This week's Chef's Night theme was to elevate a "comfort food" to a Rogue Estate level. Comfort food - warm, familiar, often simple, readily available and easily stretchable on tight budgets. It's a huge list of qualifiers to pick a single dish from, but after some inspiration from Michael Ruhlman, I settled on Roasted Cauliflower as my offering for this particular table. Roasted Cauliflower at it's most basic: a head of cauliflower is broken down into florets, oiled, seasoned and baked until golden, then served immediately. A preparation so simple that anyone can do it and the flavor and aroma so earthily wonderful that even the stubbornest anti-vegetarian will make room on the plate for it. How to improve something so perfectly wonderful as is? What could possibly be done that justifies the "it ain't broke, don't fix it" rule? I began my quest for gluttony by paging through various older cookbooks from home cooks and semi famous chefs alike and eventually did a bit of google searching on the subject as well. The evidence below is an amalgamation of influences collected from different eras, regions and even a few related only by virtue of containing cauliflower dishes which I tested the night before and prepared successfully and to much enjoyment on Chef's Night itself. The software:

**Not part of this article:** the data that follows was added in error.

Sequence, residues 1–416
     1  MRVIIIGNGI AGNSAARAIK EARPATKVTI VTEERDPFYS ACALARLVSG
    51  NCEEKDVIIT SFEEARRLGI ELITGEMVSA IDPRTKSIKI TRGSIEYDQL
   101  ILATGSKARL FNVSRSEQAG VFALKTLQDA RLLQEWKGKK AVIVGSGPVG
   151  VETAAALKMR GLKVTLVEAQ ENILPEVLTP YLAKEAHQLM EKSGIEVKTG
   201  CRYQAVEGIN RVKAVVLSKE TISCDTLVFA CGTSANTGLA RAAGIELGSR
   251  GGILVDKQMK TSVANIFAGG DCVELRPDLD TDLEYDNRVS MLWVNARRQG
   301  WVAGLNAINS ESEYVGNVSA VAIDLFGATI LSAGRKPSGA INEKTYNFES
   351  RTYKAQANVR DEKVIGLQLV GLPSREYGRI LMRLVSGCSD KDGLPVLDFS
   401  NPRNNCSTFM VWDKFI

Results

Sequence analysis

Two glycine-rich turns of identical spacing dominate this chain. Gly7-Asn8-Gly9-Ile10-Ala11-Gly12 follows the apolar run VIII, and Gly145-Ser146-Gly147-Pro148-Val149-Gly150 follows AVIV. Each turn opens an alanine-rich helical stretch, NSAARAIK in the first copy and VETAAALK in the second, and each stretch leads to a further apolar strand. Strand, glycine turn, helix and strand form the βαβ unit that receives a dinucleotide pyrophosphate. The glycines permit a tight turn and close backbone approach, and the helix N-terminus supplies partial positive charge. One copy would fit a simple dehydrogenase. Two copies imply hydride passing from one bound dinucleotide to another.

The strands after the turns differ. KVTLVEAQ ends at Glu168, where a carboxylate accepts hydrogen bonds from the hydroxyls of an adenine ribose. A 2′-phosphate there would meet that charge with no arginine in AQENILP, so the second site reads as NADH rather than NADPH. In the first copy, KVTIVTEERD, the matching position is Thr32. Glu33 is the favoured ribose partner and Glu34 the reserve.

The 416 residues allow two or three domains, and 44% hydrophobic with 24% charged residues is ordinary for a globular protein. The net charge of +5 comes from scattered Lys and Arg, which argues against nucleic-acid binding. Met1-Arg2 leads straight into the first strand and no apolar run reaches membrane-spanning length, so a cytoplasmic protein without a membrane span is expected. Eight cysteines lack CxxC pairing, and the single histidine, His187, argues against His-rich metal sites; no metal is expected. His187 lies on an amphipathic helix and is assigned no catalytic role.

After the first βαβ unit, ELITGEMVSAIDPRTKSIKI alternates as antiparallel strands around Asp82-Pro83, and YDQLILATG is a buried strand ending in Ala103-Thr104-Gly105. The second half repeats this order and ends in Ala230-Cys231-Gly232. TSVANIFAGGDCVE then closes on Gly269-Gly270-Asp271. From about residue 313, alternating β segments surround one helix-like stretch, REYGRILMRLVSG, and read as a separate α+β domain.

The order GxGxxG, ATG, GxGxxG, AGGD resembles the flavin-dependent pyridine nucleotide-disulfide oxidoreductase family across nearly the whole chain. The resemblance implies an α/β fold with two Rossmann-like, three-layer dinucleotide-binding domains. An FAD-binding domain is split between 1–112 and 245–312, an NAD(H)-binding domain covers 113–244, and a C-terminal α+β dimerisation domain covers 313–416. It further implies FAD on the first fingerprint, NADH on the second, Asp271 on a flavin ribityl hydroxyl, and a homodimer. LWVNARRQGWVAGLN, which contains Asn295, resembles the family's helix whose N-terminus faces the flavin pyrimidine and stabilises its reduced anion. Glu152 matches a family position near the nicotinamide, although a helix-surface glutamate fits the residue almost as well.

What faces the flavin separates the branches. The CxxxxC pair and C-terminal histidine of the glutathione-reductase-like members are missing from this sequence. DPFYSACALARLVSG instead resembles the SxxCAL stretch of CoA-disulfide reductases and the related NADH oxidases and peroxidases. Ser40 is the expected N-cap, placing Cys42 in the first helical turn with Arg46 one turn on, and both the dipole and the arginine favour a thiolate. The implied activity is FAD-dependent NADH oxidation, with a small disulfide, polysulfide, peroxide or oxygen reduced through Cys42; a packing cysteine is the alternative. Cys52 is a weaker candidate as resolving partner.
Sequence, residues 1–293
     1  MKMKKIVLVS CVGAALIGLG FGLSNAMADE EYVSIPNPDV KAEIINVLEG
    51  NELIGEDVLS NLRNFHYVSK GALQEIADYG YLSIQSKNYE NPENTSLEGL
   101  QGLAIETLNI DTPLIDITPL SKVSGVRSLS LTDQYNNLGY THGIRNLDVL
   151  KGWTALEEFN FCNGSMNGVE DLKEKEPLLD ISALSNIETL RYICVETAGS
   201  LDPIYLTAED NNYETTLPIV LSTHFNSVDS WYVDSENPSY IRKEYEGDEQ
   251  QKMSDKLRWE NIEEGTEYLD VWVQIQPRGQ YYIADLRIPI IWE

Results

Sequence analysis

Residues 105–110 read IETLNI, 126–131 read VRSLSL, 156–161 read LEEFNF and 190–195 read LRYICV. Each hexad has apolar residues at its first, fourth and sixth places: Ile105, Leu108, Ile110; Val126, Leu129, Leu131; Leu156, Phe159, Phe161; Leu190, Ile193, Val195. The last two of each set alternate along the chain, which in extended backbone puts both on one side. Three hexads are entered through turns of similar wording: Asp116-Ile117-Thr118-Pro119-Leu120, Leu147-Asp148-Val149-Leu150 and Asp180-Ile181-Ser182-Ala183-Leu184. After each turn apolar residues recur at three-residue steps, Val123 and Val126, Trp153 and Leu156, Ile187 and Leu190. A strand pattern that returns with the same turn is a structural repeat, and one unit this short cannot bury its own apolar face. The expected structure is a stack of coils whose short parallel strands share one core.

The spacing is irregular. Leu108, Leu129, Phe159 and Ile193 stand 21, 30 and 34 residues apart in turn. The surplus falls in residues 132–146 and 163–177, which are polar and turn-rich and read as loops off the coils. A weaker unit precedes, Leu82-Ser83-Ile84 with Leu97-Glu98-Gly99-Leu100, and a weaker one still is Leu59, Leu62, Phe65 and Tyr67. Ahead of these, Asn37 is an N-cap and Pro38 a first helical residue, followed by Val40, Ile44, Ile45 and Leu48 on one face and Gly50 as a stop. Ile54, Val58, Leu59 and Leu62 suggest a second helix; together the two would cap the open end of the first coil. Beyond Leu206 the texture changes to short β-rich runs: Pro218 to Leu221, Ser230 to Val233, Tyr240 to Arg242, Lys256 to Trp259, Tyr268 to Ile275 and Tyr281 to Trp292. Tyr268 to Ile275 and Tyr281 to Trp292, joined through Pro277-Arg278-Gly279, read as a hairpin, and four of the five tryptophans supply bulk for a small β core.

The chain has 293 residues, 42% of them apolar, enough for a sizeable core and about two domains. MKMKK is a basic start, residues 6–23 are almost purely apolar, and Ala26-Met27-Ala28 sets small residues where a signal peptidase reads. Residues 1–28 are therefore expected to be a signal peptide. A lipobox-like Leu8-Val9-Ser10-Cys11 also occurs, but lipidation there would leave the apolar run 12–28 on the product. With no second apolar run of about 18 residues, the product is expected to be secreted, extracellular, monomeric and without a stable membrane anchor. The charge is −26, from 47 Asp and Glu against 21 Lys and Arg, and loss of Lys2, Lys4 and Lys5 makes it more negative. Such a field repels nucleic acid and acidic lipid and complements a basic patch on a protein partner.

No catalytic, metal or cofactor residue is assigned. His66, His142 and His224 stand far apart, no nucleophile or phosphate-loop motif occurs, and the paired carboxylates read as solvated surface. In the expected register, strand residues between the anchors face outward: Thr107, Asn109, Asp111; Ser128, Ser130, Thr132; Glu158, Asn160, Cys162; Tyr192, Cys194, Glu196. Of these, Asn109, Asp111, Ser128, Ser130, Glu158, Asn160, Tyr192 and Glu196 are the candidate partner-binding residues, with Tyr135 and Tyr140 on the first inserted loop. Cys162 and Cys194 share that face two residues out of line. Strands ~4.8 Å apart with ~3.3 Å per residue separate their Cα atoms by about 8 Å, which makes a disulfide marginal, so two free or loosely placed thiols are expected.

• 1 head of cauliflower, whole
  • 2 tbl lard (grapeseed oil works here if you're worried.)
  • 8-12 garden sage leaves
  • 2 springs silver thyme
  • 2 cloves of garlic, grated
  • 1 shallot, grated
  • salt
  • black pepper
  • 1/2 cup butter (more for a larger head of cauliflower)
  • nutmeg
  • 1 oz parmesan cheese
  • 1 oz asiago cheese
  • 1 oz gruyere cheese